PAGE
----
Leukemia and Lymphoma Awareness Month
Leukemia and lymphoma are cancers that affect the blood or bone marrow.
Leukemia starts in the tissue that forms blood. Most blood cells develop from cells in the bone marrow called stem cells. In a person with leukemia, the bone marrow makes abnormal white blood cells (leukemia cells). Unlike normal blood cells, leukemia cells don’t die when they should. They may crowd out normal white blood cells, red blood cells, and platelets. This makes it hard for normal blood cells to do their work.
An estimated 60,650 new cases of leukemia are expected to be diagnosed in the United States in 2022, according to federal statistics. Leukemia is the most common cancer in children younger than 15 years.
There are four major types of leukemia: acute myeloid leukemia (AML), which affects myeloid cells and grows quickly; chronic lymphocytic leukemia (CLL), which affects lymphoid cells and grows slowly; acute lymphoblastic leukemia (ALL), which affects lymphoid cells and grows quickly; and chronic myeloid leukemia (CML), which affects myeloid cells and usually grows slowly at first. AML and CLL are the most common types in adults, and ALL is the most common type in children.
Lymphomas begin in cells of the lymph system, which is a part of the immune system. Lymph tissue is found throughout the body, therefore, lymphoma can begin almost anywhere. There are two basic categories of lymphomas: Hodgkin lymphoma and non-Hodgkin lymphoma (NHL).
Hodgkin lymphoma is usually marked by the presence of a type of cell called the Reed-Sternberg cell in the lymph nodes. Hodgkin lymphoma may also occur in patients who have acquired immunodeficiency syndrome (AIDS).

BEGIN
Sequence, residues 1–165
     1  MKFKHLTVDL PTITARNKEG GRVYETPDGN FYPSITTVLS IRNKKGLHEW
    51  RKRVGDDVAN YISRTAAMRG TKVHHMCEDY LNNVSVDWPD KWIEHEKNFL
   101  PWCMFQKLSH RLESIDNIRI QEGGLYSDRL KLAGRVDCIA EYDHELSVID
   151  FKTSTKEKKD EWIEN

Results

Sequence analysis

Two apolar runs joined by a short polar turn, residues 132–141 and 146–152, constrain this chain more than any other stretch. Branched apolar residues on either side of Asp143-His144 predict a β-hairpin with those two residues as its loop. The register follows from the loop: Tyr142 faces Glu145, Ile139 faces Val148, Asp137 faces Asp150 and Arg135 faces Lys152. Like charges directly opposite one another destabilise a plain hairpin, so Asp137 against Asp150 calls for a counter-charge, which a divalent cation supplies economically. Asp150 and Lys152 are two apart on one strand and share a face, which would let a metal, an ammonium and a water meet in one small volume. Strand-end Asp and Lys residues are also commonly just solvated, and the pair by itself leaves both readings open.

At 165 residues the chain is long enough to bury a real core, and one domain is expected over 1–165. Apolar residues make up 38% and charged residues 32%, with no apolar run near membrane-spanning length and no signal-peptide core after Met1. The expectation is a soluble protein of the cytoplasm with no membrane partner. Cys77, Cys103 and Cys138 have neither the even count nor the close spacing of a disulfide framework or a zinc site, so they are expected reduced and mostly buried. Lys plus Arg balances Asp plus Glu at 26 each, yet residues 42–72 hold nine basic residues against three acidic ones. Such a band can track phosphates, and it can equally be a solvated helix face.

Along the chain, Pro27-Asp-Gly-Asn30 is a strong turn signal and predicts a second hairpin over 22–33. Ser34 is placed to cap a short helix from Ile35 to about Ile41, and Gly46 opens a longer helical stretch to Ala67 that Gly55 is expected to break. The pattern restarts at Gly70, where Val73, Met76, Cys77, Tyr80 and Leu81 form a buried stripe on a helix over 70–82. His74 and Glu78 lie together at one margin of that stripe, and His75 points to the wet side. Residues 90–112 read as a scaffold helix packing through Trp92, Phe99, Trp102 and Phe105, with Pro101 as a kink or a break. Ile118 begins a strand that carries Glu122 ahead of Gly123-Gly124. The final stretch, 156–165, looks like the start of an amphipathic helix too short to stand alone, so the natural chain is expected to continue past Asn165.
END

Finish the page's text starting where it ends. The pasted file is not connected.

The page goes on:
Non-Hodgkin lymphoma includes a large, diverse group of cancers of immune system cells. Scientists typically categorize them as either slow-growing or aggressive. The most common types of NHL in adults are diffuse large B-cell lymphoma and follicular lymphoma. An estimated 80,470 people in the United States will be diagnosed with non-Hodgkin lymphoma in 2022, according to the National Cancer Institute.
Both Hodgkin and non-Hodgkin lymphomas can occur in children and adults.
September is Leukemia and Lymphoma Awareness Month.
What is the AACR Doing in The Area of leukemia research, lymphoma research, and other blood cancer research?
Lymphoma- and Leukemia-Focused Conferences
In January 2023, the AACR Special Conference: Acute Myeloid Leukemia and Myelodysplastic Syndrome will be held in Austin, Texas.
In February 2023, the AACR Special Conference: Pediatric Hematologic Malignancies will be held in New Orleans, Louisiana.
In June 2023, the Foundation for the Institute on Oncology Research (IOR) will hold the International Conference on Malignant Lymphoma (ICML). The meeting was organized by IOR in cooperation with the AACR, the European School of Oncology (ESO), and the European Society for Medical Oncology (ESMO).
Blood Cancer Discovery
In 2020, the American Association for Cancer Research (AACR) began to publish its journal, Blood Cancer Discovery. The journal is the ninth in the AACR’s prestigious portfolio of scientific publications.
Hematologic malignancies account for about 10 percent of cancer cases and 9 percent of cancer deaths in the United States each year, Blood Cancer Discovery, enhances the AACR’s efforts to support the exchange of information in the exciting field of hematologic malignancies research.